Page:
The light-duty (LD) vehicle segment of the U.S.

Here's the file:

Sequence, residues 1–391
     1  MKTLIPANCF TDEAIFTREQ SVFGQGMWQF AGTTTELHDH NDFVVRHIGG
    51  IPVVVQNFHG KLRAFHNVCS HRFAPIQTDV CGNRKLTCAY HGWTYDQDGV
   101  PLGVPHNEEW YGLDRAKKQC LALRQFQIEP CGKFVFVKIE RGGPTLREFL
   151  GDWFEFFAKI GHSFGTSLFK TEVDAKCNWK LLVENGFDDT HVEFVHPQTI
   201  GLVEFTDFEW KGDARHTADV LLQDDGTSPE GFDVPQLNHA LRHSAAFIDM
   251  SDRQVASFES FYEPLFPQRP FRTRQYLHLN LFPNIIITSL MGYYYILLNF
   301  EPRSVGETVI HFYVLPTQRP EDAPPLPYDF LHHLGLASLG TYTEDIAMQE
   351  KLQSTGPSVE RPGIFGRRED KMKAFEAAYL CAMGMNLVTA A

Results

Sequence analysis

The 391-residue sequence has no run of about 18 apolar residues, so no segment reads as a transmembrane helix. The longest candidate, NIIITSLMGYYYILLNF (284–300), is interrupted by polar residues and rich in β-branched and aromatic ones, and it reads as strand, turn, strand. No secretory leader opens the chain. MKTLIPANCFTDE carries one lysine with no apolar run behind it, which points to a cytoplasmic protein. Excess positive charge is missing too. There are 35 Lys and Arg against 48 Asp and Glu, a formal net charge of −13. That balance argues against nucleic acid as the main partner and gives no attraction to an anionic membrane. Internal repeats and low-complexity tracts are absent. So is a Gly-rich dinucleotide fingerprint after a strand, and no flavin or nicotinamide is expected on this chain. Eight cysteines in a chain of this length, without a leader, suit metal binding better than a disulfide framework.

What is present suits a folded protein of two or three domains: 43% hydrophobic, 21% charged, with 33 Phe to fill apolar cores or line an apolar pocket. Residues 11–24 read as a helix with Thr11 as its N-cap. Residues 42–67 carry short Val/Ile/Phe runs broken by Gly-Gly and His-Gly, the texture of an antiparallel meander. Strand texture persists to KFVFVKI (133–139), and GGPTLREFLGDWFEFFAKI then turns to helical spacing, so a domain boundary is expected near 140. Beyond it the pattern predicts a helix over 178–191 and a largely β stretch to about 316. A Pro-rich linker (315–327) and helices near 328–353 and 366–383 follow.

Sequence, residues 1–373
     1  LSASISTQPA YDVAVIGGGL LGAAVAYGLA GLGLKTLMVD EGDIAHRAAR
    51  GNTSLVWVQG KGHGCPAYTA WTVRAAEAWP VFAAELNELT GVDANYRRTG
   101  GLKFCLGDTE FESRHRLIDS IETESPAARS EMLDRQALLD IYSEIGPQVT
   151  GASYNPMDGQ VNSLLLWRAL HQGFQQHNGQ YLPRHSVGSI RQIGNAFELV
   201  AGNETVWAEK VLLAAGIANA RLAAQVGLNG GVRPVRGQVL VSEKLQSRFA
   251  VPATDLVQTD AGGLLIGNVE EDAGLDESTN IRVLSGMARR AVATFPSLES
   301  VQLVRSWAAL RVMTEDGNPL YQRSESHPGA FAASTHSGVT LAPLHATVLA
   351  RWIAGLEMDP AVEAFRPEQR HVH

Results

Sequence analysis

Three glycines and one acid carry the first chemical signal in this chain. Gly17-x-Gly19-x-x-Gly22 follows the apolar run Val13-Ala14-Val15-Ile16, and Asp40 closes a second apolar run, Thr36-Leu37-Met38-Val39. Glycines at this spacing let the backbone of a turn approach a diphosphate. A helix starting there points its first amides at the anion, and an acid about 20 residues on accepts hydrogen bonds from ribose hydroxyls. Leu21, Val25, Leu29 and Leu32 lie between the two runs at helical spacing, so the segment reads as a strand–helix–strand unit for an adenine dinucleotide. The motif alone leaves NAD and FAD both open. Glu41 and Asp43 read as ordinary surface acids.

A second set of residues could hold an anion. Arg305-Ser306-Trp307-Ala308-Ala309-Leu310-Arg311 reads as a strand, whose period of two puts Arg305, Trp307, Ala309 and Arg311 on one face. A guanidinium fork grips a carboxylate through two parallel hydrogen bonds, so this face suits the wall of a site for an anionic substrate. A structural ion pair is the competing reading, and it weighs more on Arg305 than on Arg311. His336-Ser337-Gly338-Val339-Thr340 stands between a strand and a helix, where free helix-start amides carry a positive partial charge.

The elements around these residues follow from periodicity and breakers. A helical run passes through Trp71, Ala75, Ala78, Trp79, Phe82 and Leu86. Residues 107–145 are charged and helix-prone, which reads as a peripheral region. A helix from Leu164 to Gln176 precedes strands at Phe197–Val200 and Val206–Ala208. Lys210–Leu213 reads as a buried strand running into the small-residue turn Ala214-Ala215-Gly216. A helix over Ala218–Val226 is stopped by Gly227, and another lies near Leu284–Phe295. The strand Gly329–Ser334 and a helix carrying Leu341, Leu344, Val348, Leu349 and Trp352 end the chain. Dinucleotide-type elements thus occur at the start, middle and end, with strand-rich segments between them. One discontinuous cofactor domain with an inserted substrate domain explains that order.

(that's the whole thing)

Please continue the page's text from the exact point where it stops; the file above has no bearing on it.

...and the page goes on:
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1 Introduction The light-duty (LD) vehicle segment of the U.S. transportation sector accounts for nearly two-thirds of total transportation energy consumption, the vast majority of which is petroleum based. Personal mobility measured in vehicle miles traveled has been growing steadily for decades, and for a large part of the population, the mobility that comes from owning a vehicle is necessary for daily life. This chapter begins with an overview of the U.S. LD vehicle market size/scale, production methods, business model structure, vehicle segments/ classes, and an overview of the timeline required for new technology adoption. A significant part of this study was an integrating analysis to quantify and compare the economic interaction of the various LD fuel-vehicle systems considered by this study. This chapter describes results of the LD vehicle integrated analysis. The analysis is based on ranges of assumptions and input data drawn from publicly available information. The results provide a number of ranges as calculated outputs (e.g., ranges of vehicle and fuel expenditures, ranges of greenhouse gas [GHG] emissions, ranges of vehicle shares, and ranges of fuels shares) not projections or forecasts from which insights about fuel-vehicle systems have been drawn. The findings are drawn from the calculated outputs and the directional trends observed with the fuel-vehicle systems. The chapter concludes with a discussion of the key findings and insights drawn from the analysis. The focus of this chapter is on results pertaining to fuel-vehicle system fleet shares and economics in The analytical results related to GHG emissions and energy secu- rity can be found in the chapters that specifically address those topics. This work suggests that there are opportunities for alternative fuel-vehicle systems to earn meaningful presence in the United States by Alternative fuel-vehicle systems are defined as follows: y Advanced Biofuels liquid internal combustion engine (ICE) vehicles fueled by cellulosic biofuels y CNGVs ICE vehicles fueled by compressed natural gas (CNG) y PHEVs plug-in hybrid electric vehicles fueled by gasoline/biofuel blends and electricity from the grid y BEVs battery electric vehicles fueled by electricity from the grid y FCEVs fuel cell electric vehicles fueled by hydrogen from natural gas. Fuel price assumptions have a large impact on the economic competitiveness of the alternative fuel-vehicle systems. Substantial improvements in the fuel economy of the LD vehicle fleet are possible from many incremental improvements to conventional liquid ICE vehicles and increasing penetration of electrified vehicle systems hybrid electric vehicles (HEVs), plug-in electric vehicles (PEVs) 1, and FCEVs. The internal combustion engine is likely to be a dominant propulsion system because it can be used in gasoline, biofuels, natural gas, hybrid, and plug-in hybrid vehicles. CNGVs could be the strongest competitor to liquid ICE vehicles. While there are significant uncertainties, the analysis identified several alternative fuel-vehicle systems that appear 1 PEV is a term that refers to both plug-in hybrid electric vehicles (PHEVs) and battery electric vehicles (BEVs). CHAPTER 2 LIGHT-DUTY VEHICLES 2-1